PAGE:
(law, of property)
(postpositive; often foll by of or with) ready or generous in using or giving; liberal; lavish: free with advice
unrestrained by propriety or good manners; licentious
not occupied or in use; available: a free cubicle
not occupied or busy; without previous engagements: I’m not free until Wednesday
open or available to all; public
without charge to the subscriber or user: freepost, freephone
not fixed or joined; loose: the free end of a chain
without obstruction or impediment: free passage
(chem) chemically uncombined: free nitrogen
(phonetics) denoting a vowel that can occur in an open syllable, such as the vowel in see as opposed to the vowel in cat
(grammar) denoting a morpheme that can occur as a separate word Compare bound1 (sense 8a)
(logic) denoting an occurrence of a variable not bound by a quantifier Compare bound1 (sense 9)
(of some materials, such as certain kinds of stone) easily worked
(nautical) (of the wind) blowing from the quarter
(usually imperative) feel free, to regard oneself as having permission to perform a specified action
(not standard) for free, without charge or cost
free and easy, casual or tolerant; easy-going
make free with, to take liberties with; behave too familiarly towards
in a free manner; freely
without charge or cost
(nautical) with the wind blowing from the quarter: a yacht sailing free
verb (transitive) frees, freeing, freed
(sometimes foll by up) to set at liberty; release
to remove obstructions, attachments, or impediments from; disengage
often foll by of or from. to relieve or rid (of obstacles, pain, etc)
(informal) a freesheet
Old English freo “free, exempt from, not in bondage,” also “noble; joyful,” from Proto-Germanic *frijaz (cf. Old Frisian fri, Old Saxon and Old High German vri, German frei, Dutch vrij, Gothic freis “free”), from PIE *prijos “dear, beloved,” from root *pri- “to love” (cf. Sanskrit priyah “own, dear, beloved,” priyate “loves;” Old Church Slavonic prijati “to help,” prijatelji “friend;” Welsh rhydd “free”).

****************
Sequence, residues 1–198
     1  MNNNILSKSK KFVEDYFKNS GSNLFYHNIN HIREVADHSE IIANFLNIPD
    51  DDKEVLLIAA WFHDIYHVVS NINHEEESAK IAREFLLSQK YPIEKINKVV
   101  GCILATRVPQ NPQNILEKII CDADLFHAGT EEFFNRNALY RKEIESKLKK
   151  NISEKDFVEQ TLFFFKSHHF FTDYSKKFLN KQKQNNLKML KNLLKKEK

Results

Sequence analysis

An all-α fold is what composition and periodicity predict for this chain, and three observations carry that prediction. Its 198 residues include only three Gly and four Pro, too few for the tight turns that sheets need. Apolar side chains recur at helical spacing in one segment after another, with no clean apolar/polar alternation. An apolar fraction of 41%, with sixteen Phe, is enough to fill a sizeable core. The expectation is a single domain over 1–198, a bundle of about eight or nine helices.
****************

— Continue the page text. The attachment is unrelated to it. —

The primary sense seems to have been “beloved, friend, to love;” which in some languages (notably Germanic and Celtic) developed also a sense of “free,” perhaps from the terms “beloved” or “friend” being applied to the free members of one’s clan (as opposed to slaves, cf. Latin liberi, meaning both “free” and “children”).
Cf. Gothic frijon “to love;” Old English freod “affection, friendship,” friga “love,” friðu “peace;” Old Norse friðr, German Friede “peace;” Old English freo “wife;” Old Norse Frigg “wife of Odin,” literally “beloved” or “loving;” Middle Low German vrien “to take to wife, Dutch vrijen, German freien “to woo.”
Of nations, “not subject to foreign rule or to despotism,” it is recorded from late 14c. (Free world “non-communist nations” attested from 1950.) Sense of “given without cost” is 1580s, from notion of “free of cost.” Free lunch, originally offered in bars to draw in business, by 1850, American English. Free pass on railways, etc., attested by 1850. Free speech in Britain used of a privilege in Parliament since the time of Henry VIII. In U.S., as a civil right, it became a prominent phrase in the debates over the Gag Rule (1836).
Free enterprise recorded from 1890; free trade is from 1823. Free will is from early 13c. Free association in psychology is from 1899. Free love “sexual liberation” attested from 1822. Free range (adj.) is attested by 1960. Free and easy “unrestrained” is from 1690s.
Old English freogan “to free, liberate, manumit,” also “to love, think of lovingly, honor,” from freo (see free (adj.)). Cf. Old Frisian fria “to make free;” Old Saxon friohan “to court, woo;” German befreien “to free,” freien “to woo;” Old Norse frja “to love;” Gothic frijon “to love.” Related: Freed; freeing.
for free, home free
noun 1. the delivery of mail directly to the recipient’s address without charge to the recipient: Before free delivery people had to pick up their mail at the post office or pay a letter carrier to deliver it.
/ˈfriːdaɪvɪŋ/ noun 1. the sport or activity of diving without the aid of breathing apparatus
noun, Chiefly British. 1. .
[freed-muh n] /ˈfrid mən/ noun, plural freedmen. 1. a man who has been freed from slavery. /ˈfriːdˌmæn/ noun (pl) -men 1. a man who has been freed from slavery n. “manumitted slave,” c.1600, from past participle of free (adj.) + man (n.). Also cf. freeman.